SXHAM1 – CHEAPO18 flight for EssexHAM/TXFactor/RSGB – 31/05/15

I was approached by Pete M0PSX to do a HAB launch for a promotional video by the RSGB.
The launch took place from the EssexHAM field event at Shoebury East Beach on Sunday the 31st of May.
There were a few other radio amateurs present operating on HF and 2m, as well as a couple of guys flying drones.
Footage was captured by a group called TX Factor, who are doing a piece for the RSGB promoting youth and interesting new activities in amateur radio.

We launched a Cheapo Micro tracker under a 100g Pawan balloon, then tracked the flight from the event using a couple of RTL-SDR’s with a yagi and a 2m/70cms magmount.

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Video and photos credit Pete M0PSX

Footage from TX Factor to follow.

ECC1 – Pi in the sky test flight 24/05/2015

On Sunday the 24th May 2015, I carried out a test flight of the Pi in the sky high altitude balloon tracker for our local council. There are currently over 10 schools constructing payloads around this tracker which should be launching in the next couple of months. A couple of my experimental trackers also hitched a ride on the flight to test out, as well as another backup tracker.

I was joined by Will to help with the launch, tracking and recovery. After a quick stop for breakfast and to check the predictions one last time, we met Steve up at the Elsworth launch site at Cambridge. Steve was also trialling out live streaming the launch over 4G, which turned out to be very successful.

Shortly after arriving, we powered up all of the payloads, ensured they had a GPS fix and were transmitting correctly, then joined them together with the 3ft rocketman parachute to form a train.

Balloon — 5m — Parachute —– 10m —– ECC1 — 5m — CHEAPO – 2m – CS4

We then began filling the Hwoyee 1200g balloon with about 3.6m³ of helium. The lift was checked by attaching a 2500g weight to the balloon and filling until it achieved neutral buoyancy. The balloon was then sealed off at the neck and joined to the train using cable ties and duct tape.

 

Image credit Steve Randall

Image credit Steve Randall

After Steve coordinated with local air traffic control and the rocketry club in the next field, it was time to launch. The wind was picking up a little bit, so the launch was a little more violent than usual. Will and I ran along with the payloads to match the speed of the wind, and then released them when the balloon was straight above us.

We then shot off in the chase car to wait in a car park in Royston until the burst. This ensured we had good 3G/4G signal to run predictions and fast access to the main roads once we had a predicted landing site.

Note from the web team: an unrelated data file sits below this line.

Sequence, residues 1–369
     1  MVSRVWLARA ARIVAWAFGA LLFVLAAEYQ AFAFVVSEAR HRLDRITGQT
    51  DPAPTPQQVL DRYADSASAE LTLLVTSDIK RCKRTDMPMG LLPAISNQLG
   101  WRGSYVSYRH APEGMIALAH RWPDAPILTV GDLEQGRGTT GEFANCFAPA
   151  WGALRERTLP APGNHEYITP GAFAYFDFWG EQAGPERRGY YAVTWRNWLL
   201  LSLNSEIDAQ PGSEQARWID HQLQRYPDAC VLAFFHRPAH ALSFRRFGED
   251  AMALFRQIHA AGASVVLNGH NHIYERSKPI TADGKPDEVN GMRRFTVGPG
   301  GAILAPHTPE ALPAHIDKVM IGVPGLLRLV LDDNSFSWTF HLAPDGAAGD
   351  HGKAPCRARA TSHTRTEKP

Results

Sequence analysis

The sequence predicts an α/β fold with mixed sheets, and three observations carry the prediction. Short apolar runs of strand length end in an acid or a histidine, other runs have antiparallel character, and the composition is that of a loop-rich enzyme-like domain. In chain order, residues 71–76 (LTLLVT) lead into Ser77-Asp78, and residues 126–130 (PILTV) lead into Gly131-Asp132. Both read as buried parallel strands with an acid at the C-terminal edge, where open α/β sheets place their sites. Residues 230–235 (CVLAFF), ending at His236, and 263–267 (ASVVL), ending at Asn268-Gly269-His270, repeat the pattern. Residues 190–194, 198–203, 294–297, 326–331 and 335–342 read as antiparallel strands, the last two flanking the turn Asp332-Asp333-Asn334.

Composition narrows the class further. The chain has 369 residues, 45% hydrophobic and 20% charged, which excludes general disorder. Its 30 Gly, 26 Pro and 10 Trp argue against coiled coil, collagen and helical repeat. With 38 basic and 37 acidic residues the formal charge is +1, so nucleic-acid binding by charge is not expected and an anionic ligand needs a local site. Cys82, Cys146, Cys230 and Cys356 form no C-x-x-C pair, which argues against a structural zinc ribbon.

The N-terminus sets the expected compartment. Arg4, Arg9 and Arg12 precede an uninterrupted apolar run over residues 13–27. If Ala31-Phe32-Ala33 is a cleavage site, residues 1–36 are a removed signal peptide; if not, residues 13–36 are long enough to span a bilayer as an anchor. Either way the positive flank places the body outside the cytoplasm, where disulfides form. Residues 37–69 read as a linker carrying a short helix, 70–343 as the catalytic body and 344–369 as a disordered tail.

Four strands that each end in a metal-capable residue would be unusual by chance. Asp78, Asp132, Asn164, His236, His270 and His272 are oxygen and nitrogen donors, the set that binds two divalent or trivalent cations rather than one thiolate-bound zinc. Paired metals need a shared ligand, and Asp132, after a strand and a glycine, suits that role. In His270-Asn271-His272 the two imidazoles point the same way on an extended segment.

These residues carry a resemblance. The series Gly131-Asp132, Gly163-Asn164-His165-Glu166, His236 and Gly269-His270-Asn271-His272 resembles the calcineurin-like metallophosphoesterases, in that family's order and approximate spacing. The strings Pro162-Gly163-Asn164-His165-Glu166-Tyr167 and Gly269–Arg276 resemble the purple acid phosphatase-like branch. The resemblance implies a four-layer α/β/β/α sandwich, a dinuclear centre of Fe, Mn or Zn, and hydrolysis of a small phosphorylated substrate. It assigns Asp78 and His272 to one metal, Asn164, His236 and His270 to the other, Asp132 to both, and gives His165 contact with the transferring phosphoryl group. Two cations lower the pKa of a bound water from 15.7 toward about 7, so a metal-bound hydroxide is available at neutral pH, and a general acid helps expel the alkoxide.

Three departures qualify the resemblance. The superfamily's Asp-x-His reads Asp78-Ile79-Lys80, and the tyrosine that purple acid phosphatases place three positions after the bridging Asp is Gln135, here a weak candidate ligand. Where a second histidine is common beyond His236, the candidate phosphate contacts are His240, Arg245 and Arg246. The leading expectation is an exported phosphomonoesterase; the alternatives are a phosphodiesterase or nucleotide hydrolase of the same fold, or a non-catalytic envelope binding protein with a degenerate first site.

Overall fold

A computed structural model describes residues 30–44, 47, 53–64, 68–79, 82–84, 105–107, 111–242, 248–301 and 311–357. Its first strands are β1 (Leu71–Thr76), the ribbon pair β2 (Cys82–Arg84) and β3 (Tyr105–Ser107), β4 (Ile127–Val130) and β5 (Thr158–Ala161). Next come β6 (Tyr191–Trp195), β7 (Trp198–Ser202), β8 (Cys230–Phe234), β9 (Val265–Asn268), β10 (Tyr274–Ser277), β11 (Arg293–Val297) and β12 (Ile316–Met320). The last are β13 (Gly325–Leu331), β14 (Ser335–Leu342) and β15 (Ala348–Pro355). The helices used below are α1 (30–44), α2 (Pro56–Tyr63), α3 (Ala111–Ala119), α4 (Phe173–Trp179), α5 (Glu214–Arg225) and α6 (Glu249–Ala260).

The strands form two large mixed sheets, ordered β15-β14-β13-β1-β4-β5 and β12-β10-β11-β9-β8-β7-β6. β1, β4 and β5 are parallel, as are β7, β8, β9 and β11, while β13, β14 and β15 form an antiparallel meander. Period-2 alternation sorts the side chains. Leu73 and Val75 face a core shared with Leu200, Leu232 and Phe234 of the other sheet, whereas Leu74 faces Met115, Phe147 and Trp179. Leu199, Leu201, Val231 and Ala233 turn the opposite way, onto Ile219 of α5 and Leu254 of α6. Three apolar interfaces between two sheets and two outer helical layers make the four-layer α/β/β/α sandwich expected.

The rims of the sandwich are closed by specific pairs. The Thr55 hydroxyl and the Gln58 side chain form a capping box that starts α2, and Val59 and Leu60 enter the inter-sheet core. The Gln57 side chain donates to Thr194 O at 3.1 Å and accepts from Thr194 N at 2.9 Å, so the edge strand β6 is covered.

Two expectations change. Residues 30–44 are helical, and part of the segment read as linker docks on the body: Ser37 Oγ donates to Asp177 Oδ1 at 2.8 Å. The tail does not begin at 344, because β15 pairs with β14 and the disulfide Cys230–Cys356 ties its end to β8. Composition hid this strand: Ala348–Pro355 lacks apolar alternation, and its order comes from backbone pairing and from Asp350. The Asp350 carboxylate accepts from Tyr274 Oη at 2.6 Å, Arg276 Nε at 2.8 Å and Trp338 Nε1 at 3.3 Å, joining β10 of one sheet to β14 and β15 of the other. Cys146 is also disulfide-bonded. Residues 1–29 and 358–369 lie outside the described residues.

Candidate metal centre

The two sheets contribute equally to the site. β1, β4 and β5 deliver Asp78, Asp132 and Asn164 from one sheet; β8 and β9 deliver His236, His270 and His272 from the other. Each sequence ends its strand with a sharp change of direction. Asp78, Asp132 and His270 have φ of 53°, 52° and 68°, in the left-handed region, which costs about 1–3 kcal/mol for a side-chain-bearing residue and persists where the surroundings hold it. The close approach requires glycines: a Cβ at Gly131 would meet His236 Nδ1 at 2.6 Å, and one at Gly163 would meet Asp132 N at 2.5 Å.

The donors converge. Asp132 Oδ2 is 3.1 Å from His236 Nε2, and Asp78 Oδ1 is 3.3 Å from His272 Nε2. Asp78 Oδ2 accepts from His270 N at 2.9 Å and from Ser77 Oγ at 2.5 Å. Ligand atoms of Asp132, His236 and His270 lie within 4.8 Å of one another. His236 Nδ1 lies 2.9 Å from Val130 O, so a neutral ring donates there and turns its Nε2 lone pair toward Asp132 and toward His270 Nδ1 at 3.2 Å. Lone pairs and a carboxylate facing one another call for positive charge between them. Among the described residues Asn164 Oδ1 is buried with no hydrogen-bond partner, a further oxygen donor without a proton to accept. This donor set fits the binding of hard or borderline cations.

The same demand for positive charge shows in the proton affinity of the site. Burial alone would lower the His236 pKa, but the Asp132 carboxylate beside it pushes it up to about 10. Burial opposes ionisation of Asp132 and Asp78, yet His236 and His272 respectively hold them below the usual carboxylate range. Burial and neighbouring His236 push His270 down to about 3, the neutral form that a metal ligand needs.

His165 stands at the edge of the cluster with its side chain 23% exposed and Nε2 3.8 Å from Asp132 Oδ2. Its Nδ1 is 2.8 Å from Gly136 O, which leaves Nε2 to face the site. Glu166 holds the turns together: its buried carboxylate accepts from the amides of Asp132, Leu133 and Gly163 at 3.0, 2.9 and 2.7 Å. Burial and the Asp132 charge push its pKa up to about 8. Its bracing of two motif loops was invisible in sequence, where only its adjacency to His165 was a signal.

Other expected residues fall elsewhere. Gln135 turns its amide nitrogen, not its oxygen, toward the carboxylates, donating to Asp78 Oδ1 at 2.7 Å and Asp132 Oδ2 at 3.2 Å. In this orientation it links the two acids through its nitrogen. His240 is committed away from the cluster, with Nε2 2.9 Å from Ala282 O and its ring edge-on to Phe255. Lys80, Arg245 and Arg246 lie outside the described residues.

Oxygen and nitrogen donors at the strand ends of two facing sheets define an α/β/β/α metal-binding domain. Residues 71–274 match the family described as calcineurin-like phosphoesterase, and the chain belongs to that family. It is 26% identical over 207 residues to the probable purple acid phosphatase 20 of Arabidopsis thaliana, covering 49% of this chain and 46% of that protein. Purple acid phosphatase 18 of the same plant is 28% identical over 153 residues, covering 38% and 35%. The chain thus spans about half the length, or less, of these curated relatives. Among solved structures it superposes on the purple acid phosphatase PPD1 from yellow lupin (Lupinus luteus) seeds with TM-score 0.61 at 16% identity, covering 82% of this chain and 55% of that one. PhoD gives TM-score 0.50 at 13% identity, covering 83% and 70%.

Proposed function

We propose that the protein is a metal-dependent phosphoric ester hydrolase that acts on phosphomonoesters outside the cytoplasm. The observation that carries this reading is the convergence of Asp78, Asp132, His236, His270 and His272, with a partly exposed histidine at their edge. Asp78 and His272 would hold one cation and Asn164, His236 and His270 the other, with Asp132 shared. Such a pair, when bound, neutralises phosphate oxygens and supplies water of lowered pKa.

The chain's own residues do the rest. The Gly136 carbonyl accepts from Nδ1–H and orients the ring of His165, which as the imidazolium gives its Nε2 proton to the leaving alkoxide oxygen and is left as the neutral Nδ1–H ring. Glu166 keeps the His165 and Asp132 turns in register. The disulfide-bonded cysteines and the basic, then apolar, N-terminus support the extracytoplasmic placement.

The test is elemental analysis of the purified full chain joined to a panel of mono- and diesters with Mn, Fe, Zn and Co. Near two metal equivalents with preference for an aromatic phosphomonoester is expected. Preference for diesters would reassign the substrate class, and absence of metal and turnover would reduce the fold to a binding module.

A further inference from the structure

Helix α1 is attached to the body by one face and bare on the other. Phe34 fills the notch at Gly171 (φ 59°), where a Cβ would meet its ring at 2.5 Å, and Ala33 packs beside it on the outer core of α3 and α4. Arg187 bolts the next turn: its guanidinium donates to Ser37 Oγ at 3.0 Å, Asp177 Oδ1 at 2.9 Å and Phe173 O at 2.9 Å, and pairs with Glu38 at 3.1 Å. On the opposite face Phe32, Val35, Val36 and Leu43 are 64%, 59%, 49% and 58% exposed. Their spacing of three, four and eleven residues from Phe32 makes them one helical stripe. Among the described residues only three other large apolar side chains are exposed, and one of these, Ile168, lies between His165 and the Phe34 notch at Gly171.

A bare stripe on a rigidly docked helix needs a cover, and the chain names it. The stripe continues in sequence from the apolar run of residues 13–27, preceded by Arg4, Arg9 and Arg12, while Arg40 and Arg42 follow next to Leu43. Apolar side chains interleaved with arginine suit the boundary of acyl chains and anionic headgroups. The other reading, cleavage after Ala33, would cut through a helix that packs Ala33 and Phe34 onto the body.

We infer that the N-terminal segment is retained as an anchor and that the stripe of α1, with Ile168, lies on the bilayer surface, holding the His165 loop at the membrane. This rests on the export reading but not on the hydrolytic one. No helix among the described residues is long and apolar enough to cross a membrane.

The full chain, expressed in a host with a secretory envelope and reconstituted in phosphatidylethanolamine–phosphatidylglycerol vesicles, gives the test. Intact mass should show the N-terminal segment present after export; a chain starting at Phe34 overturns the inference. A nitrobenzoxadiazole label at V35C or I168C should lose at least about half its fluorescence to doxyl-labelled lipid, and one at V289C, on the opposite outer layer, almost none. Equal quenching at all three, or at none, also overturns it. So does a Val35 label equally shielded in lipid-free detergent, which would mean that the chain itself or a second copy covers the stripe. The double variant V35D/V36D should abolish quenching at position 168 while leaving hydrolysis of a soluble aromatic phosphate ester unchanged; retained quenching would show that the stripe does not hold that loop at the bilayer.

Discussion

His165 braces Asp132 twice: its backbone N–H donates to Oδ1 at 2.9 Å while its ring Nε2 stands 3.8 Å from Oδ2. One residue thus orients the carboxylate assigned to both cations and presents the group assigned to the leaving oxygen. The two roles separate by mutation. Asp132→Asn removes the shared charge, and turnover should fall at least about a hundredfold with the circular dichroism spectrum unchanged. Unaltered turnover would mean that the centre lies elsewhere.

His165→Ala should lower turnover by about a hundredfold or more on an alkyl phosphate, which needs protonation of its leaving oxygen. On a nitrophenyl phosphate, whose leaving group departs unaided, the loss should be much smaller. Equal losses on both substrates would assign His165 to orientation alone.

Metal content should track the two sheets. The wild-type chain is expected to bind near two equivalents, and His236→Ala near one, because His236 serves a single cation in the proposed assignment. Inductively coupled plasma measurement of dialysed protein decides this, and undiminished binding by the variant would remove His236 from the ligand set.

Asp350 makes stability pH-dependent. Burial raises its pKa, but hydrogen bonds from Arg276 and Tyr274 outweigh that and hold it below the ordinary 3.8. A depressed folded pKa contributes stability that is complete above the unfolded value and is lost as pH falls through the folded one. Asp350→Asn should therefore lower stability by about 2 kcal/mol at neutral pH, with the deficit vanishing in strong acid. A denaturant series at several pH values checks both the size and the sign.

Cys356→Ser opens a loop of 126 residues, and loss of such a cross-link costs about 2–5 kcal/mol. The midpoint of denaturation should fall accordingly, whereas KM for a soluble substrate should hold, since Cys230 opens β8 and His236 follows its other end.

Unfortunately shortly after launch ECC1’s signal dropped to a single carrier (as opposed to the normal alternating frequency of RTTY), this was a pretty solid indication that the tracker had crashed. We continued receiving updates from SPARK and CHEAPO for the duration of the ascent. When the balloon eventually burst at 32759m altitude, we waited for a few more updates of the descent from CHEAPO before heading out to the predicted landing site. SPARK once again however failed to report the burst or descent, and carried on “floating” at a roughly steady altitude.

Alt Graph

 

Once we arrived at our predicted landing site the flight had landed, and the signals from all 3 payloads were visible and audible, however too weak to decode. After 15 minutes or so of trying different antennas and tweaking decoder settings, we decided to head out further west in pursuit of a stronger signal. Around this point we saw a bunch of updates appear on the tracker from Steve, and headed to the new location.

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We were greeted by Steve and his cameraman, who had already had time to locate the payload and set up their live stream before we arrived. The payloads were sitting happily on the ground, with the parachute caught up a tree dangling most of the balloon remnants below it. After a couple of tugs the parachute joined all 3 payloads in their successful recovery.

 

Keen to investigate what happened to ECC1, we headed back to Essex to carry out some debugging. On recovery neither of the OK or WARN LED’s were lit on the board. The camera LED was however still flashing, and had stored images of the entire flight on its SD card. Voltage readings were normal. On closer inspection I found that the SDA wire for the BMP180 sensor had broken at the solder joint to the PITS PCB. After soldering this back on and simulating the breakage, the PITS tracker program once again crashed and dropped to a single carrier. I also found that the micro SD card was very lose in the low profile micro SD adapter I was using. It could easily be pulled out by dragging your finger across it (despite remaining in the “locked” position), More hot glue required.

I’ve reported these findings back to Dave Akerman and he is hoping to release a software patch by the end of the week. I think it would then be wise to carry out a small repeat test flight (perhaps on a 100g pawan) just for a little more confidence.